Social conservatives cheering the rash of state laws limiting legal abortion might want to be careful what they wish for.
That's because Democratic prospects for 2020 are likely to improve as uncertainty about the future of Roe v. Wade grows. And uncertainty will grow as more and more states impose restrictions on legal abortion.
Republicans need a net gain of 18 or 19 seats to win back the House -- a difficult task but certainly not an impossible one. And the party can lose a net of three Senate seats (if they keep the White House) and still maintain control of the chamber in 2021.
But magnifying the debate over abortion rights could well put the House out of reach next year for the GOP, put the Senate at much greater risk and further undermine President Donald Trump's already iffy re-election prospects.
Democrats' successes in 2018 were built on two very different groups -- core party supporters, including progressives, minorities and younger Americans; and swing voters, including college-educated whites (especially college-educated white women), who have often been attracted by the GOP's stances on taxes, spending and business regulation.
Both sets of voters turned out for Democratic House candidates last fall, which is why Democrats gained a net of 40 seats in the chamber.
Unfortunately for Republicans, the same two groups are likely to be motivated by the abortion issue in 2020.
Women went for Hillary Clinton over Trump by 13 points in 2016, 54% to 41 percent, largely on the basis of her strength among non-whites. Two years later, the national House exit poll showed Democrats carrying women by an even larger 19 points, 59% to 40 percent.
Trump actually carried white women comfortably by 9 points in 2016, 52% to 43 percent. Two years later, white women split evenly, 49% to 49 percent, wiping out the president's advantage.
College-educated white women went for Clinton in 2016 by a relatively narrow 7 points, 51% to 44 percent. But two years later, Democrats won white women with a college degree by an overwhelming 20 points, 59% to 39 percent.
The Democratic surge among college-educated white women was unmistakable, and it did not occur by chance.
White women in general, and college-educated white women in particular, came to dislike Trump's style and language, as well as elements of his agenda.
Now, with the economy generally strong and swing voters free to think about things other than jobs and interest rates, college-educated women who supported Trump in 2016 but voted Democratic two years later will again feel free to send a message about culture and values, not taxes and government regulation.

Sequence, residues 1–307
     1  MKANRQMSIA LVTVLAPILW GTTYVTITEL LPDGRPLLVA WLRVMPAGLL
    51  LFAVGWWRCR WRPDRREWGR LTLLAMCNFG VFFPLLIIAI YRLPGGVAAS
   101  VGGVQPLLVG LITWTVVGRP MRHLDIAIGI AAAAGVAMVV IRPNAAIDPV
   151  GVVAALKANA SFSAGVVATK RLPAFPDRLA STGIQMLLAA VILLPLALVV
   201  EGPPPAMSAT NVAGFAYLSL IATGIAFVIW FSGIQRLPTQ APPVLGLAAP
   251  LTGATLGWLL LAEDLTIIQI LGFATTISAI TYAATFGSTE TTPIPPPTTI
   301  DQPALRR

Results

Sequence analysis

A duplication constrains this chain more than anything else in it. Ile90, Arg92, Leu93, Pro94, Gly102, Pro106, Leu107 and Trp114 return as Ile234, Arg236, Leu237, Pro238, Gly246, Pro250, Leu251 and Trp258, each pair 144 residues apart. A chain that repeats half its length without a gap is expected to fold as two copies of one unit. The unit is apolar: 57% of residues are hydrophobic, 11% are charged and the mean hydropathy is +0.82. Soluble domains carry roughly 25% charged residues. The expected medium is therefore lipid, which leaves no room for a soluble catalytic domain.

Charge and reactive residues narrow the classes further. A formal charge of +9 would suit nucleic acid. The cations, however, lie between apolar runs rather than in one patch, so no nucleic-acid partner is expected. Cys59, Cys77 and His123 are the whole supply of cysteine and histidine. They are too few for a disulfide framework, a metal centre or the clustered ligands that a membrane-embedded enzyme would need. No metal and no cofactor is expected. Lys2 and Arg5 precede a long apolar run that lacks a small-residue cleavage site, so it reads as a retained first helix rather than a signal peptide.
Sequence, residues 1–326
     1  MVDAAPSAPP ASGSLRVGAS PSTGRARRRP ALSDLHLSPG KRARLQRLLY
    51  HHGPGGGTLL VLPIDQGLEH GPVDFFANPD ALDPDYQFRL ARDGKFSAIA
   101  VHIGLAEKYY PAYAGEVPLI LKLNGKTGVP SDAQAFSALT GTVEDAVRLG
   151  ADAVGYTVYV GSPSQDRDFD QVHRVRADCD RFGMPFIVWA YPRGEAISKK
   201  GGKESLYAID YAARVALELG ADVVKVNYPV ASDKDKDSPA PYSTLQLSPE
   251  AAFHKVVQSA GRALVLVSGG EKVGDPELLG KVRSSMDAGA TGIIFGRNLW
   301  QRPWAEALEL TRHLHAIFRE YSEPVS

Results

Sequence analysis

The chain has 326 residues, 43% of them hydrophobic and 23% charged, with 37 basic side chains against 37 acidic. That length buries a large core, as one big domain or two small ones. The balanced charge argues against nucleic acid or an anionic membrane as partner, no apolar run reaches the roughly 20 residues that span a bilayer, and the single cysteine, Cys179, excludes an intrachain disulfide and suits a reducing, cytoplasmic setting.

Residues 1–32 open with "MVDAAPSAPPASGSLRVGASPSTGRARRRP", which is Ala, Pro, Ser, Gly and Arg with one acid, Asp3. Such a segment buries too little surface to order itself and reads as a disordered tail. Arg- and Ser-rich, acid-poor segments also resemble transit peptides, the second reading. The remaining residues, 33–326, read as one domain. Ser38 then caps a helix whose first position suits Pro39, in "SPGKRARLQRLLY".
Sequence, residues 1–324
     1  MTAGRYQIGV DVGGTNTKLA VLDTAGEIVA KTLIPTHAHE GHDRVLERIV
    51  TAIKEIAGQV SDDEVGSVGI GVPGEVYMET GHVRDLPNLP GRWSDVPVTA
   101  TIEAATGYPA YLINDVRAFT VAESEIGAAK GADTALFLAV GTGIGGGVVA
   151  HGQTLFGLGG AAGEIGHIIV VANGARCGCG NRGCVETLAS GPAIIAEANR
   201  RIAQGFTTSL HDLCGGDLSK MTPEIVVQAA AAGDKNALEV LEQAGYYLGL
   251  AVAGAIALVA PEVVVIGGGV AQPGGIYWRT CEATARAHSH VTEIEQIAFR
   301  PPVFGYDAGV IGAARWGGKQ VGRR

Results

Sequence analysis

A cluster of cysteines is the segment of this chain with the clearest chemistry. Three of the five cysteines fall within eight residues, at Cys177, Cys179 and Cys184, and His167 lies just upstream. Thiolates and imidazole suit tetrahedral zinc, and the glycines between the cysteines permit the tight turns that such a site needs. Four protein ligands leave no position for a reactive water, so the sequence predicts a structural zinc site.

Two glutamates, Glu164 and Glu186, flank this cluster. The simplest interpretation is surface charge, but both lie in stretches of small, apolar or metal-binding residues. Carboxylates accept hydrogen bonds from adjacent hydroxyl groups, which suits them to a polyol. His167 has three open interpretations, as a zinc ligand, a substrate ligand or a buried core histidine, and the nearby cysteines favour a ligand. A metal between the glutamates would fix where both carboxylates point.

Obviously, a Supreme Court decision overturning Roe would further elevate abortion as a defining issue in 2020, giving more energy to the abortion rights movement.
Conversely, a Supreme Court decision reaffirming Roe and rejecting the constitutionality of the kind of restrictions on abortion that states are now imposing might actually breed complacency among those who support abortion rights.
But it's unclear when or whether the nation's highest court will deal with new state restrictions on abortion before next year's general election. Given that, supporters of abortion rights are likely to focus on the more "extreme" proposals that seek to circumscribe Roe, just as critics of Roe -- including the folks at LifeNews.com -- have often portrayed abortion rights activists as supporting infanticide.
The problem for Republicans is that they are likely to go into the 2020 election dragged down by an issue on which they are too easily portrayed as extreme and insensitive to women.
Yes, they will have their arguments assembled as to why that is not the case, but the bigger the issue becomes, the more likely 2020 becomes a fight over culture and values that benefits Democrats, not the party of white evangelicals and white men without a college degree.
Historically, Republicans have benefited from abortion because of the intensity of the support from those who oppose legal abortion. Even though polls generally show more voters back abortion rights, those people don't vote on the issue, as is illustrated by polling on abortion and Roe v. Wade by Gallup.
The increased salience of abortion as a voting cue is likely to benefit Democrats because it will energize voters who favor abortion rights but have assumed up to now that they are not under serious attack.
The greatest danger for Democrats is that a John Roberts-led Supreme Courts reaffirms Roe and looks unkindly on state restrictions intended to dramatically limit, or eliminate, legal abortion in some states.
That would be a loss on public policy for Republicans going into 2020, but it would be the better electoral outcome for the party.
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